War of the Rebellion: Serial 050 Page 0780 KY., SW.,VA., TENN., MISS., N. ALA., AND N. GA.

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[CHAP. XLII.

HDQRS. THIRD BRIG., SECOND DIV., 21ST ARMY CORPS,

Camp at Chattanooga, Tenn., September 27, 1863.

SIR: I have the honor to make a brief report of the part this brigade took in the recent engagement with the enemy.

I crossed the Tennessee River at the mouth of Battle Creek, on the night of the 3rd of September, by means of log rafts, sending most of my train by way of Bridgeport, 6 miles below, to cross on the bridge. I passed over without any loss of either men or property. My command consisted of the Sixth Ohio, Colonel N. L. Anderson; Eighty-fourth Illinois, Colonel L. H. Waters; Twenty-fourth Ohio, Colonel D. J. Higgins; Thirty-sixth Indiana, Lieut, Colonel O. H. P. Carey; Twenty-third Kentucky, Lieutenant Colonel James C. Foy. Aggregate officers and men, including staff, 1,687; to which were attached Batteries H and M, Fourth U. S. Artillery, commanded by Lieutenant Cushing and Russell (ten pieces). In conjunction with the division we marched thence to Shellmound, to Squirreltown Creek, and thence to Lookout Valley, and on the morning of the 9th instant, with the Twenty-fourth Ohio, Twenty-third Kentucky, and Eighty-fourth Illinois, I ascended or rather climbed upon Lookout Mountain near Hawkins' farm, 9 miles to the right of Chattanooga, and met and drove the enemy front the mountain with no loss to my force. The enemy left the mountain to the northeast via Summertown. Cavalry was all that I found on the mountain. As I reached the point of the mountain overlooking Chattanooga, the remainder of my brigade with the First Brigade, General Cruft, and General Wood's division were entering the city. I may here notice Captain Isaac N. Dryden, of the Twenty-fourth Ohio, and his company for daring bravery in the advance in ascending the mountain and driving and punishing the enemy. With light but successful skirmishing near Graysville, Ringgold, and Chickamauga Creek, and a reconnaissance from the latter to Worthen's farm to a pass in Pigeon Mountain, I was directed on the morning of the 19th instant to make a reconnaissance below Lee and Gordon's Mills, on the Chickamauga Creek, in the State of Georgia, which I did and found the enemy in force, and on receiving orders I withdrew the brigade, joined the column, and with it moved upon the enemy into an open woodland to the right of the road leading toward Chattanooga. My position happened to be on a small elevation, General Cruft's brigade to my left, and General Reynolds' division on my right.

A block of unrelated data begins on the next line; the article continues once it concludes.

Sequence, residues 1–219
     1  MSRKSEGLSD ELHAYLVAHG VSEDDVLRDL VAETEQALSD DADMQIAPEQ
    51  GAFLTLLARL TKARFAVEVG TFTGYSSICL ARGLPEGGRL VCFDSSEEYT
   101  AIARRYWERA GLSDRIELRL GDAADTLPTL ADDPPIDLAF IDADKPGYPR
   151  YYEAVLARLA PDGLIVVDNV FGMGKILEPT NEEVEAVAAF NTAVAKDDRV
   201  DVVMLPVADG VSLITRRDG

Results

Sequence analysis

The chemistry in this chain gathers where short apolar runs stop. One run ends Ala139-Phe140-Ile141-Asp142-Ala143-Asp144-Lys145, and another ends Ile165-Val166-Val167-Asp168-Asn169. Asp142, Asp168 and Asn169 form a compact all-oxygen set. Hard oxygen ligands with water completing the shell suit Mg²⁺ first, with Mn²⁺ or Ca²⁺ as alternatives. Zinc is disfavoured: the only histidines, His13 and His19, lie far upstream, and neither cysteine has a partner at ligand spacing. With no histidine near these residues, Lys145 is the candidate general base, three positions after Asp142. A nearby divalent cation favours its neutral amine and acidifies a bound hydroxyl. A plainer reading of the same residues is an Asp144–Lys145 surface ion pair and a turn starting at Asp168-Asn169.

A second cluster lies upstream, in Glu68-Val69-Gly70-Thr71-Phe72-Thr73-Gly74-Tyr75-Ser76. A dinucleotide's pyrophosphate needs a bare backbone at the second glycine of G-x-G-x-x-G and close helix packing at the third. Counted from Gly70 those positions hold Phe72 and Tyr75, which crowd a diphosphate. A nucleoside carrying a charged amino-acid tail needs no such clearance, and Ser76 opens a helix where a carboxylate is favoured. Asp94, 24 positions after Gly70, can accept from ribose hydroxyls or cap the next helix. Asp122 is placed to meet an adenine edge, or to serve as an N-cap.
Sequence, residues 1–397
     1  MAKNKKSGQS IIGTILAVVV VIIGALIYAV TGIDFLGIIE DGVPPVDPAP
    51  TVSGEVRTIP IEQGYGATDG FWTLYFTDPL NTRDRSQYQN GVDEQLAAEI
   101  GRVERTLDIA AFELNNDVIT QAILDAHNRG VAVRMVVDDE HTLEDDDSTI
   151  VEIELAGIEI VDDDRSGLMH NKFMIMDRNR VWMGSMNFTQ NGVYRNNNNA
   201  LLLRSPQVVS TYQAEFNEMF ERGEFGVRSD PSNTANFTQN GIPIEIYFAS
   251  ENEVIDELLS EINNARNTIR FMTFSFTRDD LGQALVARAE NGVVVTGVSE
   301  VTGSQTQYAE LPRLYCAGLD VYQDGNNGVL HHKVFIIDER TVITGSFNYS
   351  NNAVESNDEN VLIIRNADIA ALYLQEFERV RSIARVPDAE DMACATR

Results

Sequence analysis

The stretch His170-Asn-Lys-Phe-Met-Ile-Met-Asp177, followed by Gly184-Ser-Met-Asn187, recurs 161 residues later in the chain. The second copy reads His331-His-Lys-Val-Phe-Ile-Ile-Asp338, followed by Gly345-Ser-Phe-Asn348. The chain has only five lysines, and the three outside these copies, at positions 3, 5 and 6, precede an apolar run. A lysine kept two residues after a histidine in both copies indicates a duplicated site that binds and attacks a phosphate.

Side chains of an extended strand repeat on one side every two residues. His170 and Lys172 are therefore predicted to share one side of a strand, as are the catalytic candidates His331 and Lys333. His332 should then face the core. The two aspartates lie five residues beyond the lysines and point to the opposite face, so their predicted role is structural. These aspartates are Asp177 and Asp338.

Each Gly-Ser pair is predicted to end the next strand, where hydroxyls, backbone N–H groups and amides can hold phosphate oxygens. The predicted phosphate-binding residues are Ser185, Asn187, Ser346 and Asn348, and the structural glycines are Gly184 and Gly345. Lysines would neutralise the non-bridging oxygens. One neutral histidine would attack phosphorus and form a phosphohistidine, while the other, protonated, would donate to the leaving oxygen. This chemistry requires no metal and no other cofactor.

We met the enemy's lines about 12 m. My brigade was formed in double lines, the Twenty-fourth Ohio, Colonel Higgins, and the Twenty-third Kentucky, Lieutenant-Colonel Foy, in the front line; the Thirty-sixth Indiana, Lieutenant-Colonel Carey, and the Eighty-fourth Illinois, Colonel Waters, in the rear line; the Sixth Ohio, Colonel Anderson, in reserve. On meeting the enemy with the front line the troops on the right of my brigade gave way, and the Thirty-sixth Indiana was immediately changed to the right to defend the flank, and in a very few minutes the enemy passed so far to my right and rear that the Sixth Ohio, as well as the Thirty-sixth Indiana, Twenty-fourth Ohio, and Twenty-third Kentucky, were all desperately engaged and so continued for two long hours. Here was the best fighting and least falling out (except the killed and wounded) that I ever witnessed. Finally the ammunition of these four regiments gave out, and there being none at hand (bad luck) they had to be retired. Now came the time for the Eighty-fourth Illinois to